Yahoo has disclosed that more than one billion accounts may have been stolen from the company's systems in another cyberattack. Yahoo fixes flaw allowing an attacker to read any user's emails What happened to Yahoo's traffic after it revealed it was hit by hackers? Verizon says Yahoo email hacking could scupper $4.83 billion deal Yahoo'scanned customer emails' under top-secret order Meet the hacker who tries to break Yahoo every day Yahoo fixes flaw allowing an attacker to read any user's emails What happened to Yahoo's traffic after it revealed it was hit by hackers? Verizon says Yahoo email hacking could scupper $4.83 billion deal The company said in a statement Wednesday after the markets closed that unnamed attackers stole the accounts in August 2013, a year prior to a previously disclosed attack, in which attackers stole around 500 million accounts in September 2014. The company wasn't able to identify the intrusion associated with the August 2013 breach.
Yahoo's massive data breach could affect hundreds of millions of users. One-time Internet pioneer Yahoo was recently the focus of a bidding war for its core assets, which were scooped up by AOL owner Verizon. SAN FRANCISCO -- Information from at least 500 million Yahoo accounts was stolen from the company in 2014, and the company said Thursday it believes that a state-sponsored actor was behind the hack. The information may have included names, email addresses, telephone numbers, dates of birth, and, in some cases, encrypted or unencrypted security questions and answers, Yahoo said. Claims surfaced in early August that a hacker using the name "Peace" was trying to sell the usernames, passwords and dates of birth of Yahoo account users on the dark web -- a black market of thousands of secret websites.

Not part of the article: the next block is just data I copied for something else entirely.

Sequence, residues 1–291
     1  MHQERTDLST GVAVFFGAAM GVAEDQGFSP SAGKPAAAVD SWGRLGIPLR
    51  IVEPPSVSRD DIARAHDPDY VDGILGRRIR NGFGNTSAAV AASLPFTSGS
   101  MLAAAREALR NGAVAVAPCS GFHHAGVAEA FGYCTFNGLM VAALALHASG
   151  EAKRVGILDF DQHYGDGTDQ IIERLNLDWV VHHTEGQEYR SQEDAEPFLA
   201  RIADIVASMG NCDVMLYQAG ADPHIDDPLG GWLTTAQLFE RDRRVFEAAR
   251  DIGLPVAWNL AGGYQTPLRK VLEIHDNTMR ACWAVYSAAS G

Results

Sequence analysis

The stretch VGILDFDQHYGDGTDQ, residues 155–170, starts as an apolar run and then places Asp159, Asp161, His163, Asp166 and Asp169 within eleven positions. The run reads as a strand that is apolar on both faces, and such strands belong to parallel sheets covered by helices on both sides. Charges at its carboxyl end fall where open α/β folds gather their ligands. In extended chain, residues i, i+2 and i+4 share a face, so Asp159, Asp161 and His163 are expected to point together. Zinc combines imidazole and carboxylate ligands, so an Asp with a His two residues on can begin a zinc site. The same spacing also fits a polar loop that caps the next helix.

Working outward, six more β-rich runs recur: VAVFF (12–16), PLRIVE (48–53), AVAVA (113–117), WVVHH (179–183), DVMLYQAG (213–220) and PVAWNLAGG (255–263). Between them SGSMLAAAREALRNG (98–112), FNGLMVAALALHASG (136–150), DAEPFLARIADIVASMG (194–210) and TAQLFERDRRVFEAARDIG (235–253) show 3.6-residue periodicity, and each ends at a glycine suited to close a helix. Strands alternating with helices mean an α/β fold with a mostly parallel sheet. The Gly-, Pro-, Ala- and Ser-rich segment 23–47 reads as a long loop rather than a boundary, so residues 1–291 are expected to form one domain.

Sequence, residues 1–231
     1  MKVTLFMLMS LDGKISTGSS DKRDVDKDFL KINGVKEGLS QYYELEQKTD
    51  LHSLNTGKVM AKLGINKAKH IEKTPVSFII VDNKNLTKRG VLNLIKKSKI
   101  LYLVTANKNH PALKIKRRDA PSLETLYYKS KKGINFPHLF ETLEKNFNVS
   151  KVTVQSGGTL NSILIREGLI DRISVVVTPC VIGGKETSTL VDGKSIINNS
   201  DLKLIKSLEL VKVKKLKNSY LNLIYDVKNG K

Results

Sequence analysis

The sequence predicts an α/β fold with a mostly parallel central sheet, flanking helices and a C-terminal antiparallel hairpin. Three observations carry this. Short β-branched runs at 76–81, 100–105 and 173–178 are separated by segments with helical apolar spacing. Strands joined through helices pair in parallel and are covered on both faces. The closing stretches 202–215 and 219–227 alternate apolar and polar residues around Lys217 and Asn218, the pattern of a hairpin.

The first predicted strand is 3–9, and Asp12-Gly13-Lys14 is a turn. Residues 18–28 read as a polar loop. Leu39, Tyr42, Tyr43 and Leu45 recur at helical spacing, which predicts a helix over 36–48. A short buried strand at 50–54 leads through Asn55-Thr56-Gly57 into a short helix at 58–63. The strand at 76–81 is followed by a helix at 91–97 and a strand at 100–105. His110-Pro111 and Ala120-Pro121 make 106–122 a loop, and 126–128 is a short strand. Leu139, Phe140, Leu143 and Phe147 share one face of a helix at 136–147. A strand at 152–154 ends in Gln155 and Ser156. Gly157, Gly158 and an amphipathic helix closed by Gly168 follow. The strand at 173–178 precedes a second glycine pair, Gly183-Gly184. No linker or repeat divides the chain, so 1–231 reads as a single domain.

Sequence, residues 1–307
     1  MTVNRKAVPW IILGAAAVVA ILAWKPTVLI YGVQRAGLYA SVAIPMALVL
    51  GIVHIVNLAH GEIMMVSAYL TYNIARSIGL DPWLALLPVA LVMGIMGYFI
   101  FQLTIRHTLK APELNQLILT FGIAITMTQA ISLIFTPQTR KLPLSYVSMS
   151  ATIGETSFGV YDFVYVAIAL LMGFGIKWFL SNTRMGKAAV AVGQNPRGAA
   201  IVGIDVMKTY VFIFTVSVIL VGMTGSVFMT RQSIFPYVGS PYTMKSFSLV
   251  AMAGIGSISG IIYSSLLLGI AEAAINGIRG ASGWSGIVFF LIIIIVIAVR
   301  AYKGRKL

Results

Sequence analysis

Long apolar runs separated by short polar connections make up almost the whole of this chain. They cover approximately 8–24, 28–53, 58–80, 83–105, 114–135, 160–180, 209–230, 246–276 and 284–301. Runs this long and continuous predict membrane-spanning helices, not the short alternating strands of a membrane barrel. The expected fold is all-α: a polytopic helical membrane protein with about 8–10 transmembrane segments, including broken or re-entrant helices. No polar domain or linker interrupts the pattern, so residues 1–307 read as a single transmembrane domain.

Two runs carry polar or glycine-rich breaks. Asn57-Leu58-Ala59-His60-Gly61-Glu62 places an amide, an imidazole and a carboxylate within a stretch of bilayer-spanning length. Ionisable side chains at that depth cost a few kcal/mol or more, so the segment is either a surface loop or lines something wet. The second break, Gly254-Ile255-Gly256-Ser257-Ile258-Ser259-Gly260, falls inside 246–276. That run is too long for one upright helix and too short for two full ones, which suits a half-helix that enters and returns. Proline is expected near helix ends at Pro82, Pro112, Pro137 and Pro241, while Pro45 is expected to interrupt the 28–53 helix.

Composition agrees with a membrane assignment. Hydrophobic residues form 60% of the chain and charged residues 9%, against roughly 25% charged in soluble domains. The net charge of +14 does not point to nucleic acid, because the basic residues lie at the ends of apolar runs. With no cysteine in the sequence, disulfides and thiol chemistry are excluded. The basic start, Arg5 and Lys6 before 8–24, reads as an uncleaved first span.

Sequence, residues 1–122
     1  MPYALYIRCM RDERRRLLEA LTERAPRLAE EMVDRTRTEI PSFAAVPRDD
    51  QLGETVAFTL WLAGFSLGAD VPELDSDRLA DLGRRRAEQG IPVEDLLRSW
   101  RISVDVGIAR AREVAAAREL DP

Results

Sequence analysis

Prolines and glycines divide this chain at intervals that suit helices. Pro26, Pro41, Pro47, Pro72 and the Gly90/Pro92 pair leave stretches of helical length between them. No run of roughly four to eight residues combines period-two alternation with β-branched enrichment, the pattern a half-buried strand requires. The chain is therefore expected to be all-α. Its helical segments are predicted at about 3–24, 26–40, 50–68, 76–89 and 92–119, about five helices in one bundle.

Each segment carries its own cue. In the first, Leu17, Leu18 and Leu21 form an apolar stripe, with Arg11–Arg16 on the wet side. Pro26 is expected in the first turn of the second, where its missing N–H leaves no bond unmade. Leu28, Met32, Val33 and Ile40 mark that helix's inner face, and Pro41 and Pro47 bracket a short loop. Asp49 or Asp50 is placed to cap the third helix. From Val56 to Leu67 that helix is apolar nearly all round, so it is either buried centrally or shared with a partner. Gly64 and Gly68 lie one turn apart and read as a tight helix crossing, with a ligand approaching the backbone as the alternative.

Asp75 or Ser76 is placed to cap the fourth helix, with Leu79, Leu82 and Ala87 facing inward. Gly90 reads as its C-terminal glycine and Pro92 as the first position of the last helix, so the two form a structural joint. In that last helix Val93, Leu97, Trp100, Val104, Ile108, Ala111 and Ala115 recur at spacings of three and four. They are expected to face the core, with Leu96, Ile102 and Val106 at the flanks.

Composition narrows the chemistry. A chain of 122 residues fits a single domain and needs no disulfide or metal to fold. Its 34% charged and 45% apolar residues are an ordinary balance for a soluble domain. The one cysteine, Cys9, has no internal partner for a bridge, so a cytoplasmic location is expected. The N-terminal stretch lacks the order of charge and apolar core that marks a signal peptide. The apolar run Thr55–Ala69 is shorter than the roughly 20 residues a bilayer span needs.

NEW YORK – The revelation of Yahoo's latest hack underscores what many Americans have known for years: All those emails, photos and other personal files stored online can easily be stolen, and there's little anyone can do about it. The only saving grace is that the attackers apparently did not exploit the information for fraud. But their true motives remain a mystery. While there are a number of straightforward measures all users should take to protect themselves, relatively few people actually do. And in this case, doing so wouldn't really have mattered.
About a month ago, Yahoo admitted that hackers had stolen details of over 500 million of its users in 2014. And WikiLeaks has been in the news the last few months as it has been releasing the "Podesta files" -- emails exchanged between John Podesta, the chairman of Democratic presidential nominee Hillary Clinton's campaign, and a large number of Democratic Party leaders, including President Barack Obama. Earlier this month, the U.S. officially blamed Russian hackers for targeting the Democratic Party, and a report in September warned that Russian hackers were targeting dozens of U.S. companies. Celebrities have had their photographs and other personal details stolen from online vaults and U.S. athletes had their medical records released. According to the Federal Trade Commission, there were over 42,000 cases of identity theft in January 2016 alone.